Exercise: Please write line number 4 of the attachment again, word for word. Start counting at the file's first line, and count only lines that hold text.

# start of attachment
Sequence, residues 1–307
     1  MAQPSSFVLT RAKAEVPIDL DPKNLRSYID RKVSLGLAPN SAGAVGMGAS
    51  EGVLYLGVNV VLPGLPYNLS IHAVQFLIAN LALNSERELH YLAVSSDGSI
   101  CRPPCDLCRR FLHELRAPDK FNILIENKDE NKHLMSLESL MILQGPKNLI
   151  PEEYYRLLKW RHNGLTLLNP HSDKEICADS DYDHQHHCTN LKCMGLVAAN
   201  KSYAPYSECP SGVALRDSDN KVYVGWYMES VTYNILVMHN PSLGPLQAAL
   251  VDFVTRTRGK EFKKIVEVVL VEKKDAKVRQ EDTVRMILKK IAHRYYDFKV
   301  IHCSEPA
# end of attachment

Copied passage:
   101  CRPPCDLCRR FLHELRAPDK FNILIENKDE NKHLMSLESL MILQGPKNLI